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I was wondering if its possible to geocode something using googlemaps api synchronously so instead of waiting for a callback function to be called, it would wait for a value to be returned. Has anyone found a way to do something like this.

P.S.: I'm using version 3 of the api

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2 Answers

up vote 1 down vote accepted

The Geocoder calls your callback function with the value. That's the only way to do it. If it were synchronous, your script would freeze while it waited for the Geocode to process. There really isn't any reason to do it like that.

What exactly are you trying to accomplish?

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I have a form which includes an address. As part of validating the form data, I was thinking of using googles geocoder to check the address. I also need the latitude, longitude values to input into my database. I know I can do this using the callback function, but that seems like a hack and would be more complicated. –  giroy Aug 21 '09 at 14:24
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The Geocoder is entirely intended to be used with the callback function. Don't worry, it's not a hack. :) It's really your only option. Do keep in mind, however, that you will be breaking the Google Maps Terms of Service if you are using the Geocoder without somehow displaying the results on a Google Map. –  Chris B Aug 21 '09 at 14:53
    
far as I know, you can not use the google api in an internal system or with a select audience. Your page that uses the Maps should be open to the entire internet - read the terms of contract. Good @B Chris @Chris B –  Ph.E Jun 28 '10 at 15:13
3  
stop saying "there really isn't any reason to do X". There's always some reason. In this case the user might browse away (with the submit button) before the Geocoder replies. –  GoTo Jun 12 '13 at 21:40
    
@GoTo There is never any reason to completely freeze up the browser. If you really needed to prevent them from doing something while waiting for the callback, you can do that manually. The user should still be able to scroll around or access other functionality. –  Chris B Jun 13 '13 at 14:32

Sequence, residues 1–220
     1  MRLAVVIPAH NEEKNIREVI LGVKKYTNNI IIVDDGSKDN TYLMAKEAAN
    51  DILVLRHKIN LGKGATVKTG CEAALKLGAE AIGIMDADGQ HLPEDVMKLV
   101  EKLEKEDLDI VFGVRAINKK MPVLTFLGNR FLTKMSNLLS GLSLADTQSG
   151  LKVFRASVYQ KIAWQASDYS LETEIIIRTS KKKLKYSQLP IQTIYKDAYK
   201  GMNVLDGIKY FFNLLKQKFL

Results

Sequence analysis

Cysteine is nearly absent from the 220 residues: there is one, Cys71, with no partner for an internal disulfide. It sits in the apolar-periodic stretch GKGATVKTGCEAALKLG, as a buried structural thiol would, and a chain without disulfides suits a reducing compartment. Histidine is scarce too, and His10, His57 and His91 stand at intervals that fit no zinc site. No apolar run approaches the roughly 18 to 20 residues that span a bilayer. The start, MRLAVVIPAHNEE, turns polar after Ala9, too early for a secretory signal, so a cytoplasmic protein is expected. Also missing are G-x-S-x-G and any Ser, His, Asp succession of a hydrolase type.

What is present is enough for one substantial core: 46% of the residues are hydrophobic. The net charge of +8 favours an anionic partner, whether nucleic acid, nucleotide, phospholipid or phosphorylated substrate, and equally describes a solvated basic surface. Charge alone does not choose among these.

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Yes, what you are trying to achieve is possible, although a synchronous request is not needed.

Look at this code

function StoreGeo()
 {
        var address =  $('input[name=zipcode]').val() + ', ' + $('input[name=city]').val();
 geocoder.geocode( { 'address': address}, function(results, status) {
      if (status == google.maps.GeocoderStatus.OK) {
        var ll = results[0].geometry.location.toString();

            llarr = ll.replace(/[\(\) ]/g, '').split(',');

                for(i = 0; i < llarr.length;i++)
                {
                    $('#form').append($('<input type="hidden" name="'+(i == 0 ? 'lat' : 'long')+'">').val(llarr[i]));
                }

                $('#form').submit();
      } 
      else
      {
        alert(status);
      }
    });

    $('#form').unbind('submit');
    return false;
 }

$(document).ready(function () { 

    //init maps
    geocoder = new google.maps.Geocoder();

    $('#form').bind('submit',function() {
        StoreGeo();
    });

}); 

So, attach submit handler to the form, when it is submitted do the geo request based on the address info from your form. But at the same time postpone submitting by returning false in the handler. The response handler will make 2 hidden textfields 'lat' and 'long' and store the response. finally the form is submitted by client script, including the two new fields. At the server side you can store them in the DB.

!! Note that this is possible, but is probably against the google terms, like noted above.

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great answer! I would add that you can do the geo request as soon as the user provides the needed info (or with some time out after that). So while he completes the rest of the form the Geocoder has time to send the reply. You will make more geo requests like this, if the user keeps changing his mind. –  GoTo Jun 12 '13 at 21:43
    
As for google terms, I don't think that you break them if you simply store the answers in a database. Pretty much any kind of webapp that goes beyond a simple example will require you to store the answers in a database. You break them if you use the answers without the Google Maps, or in a closed/internal system. –  GoTo Jun 12 '13 at 21:48
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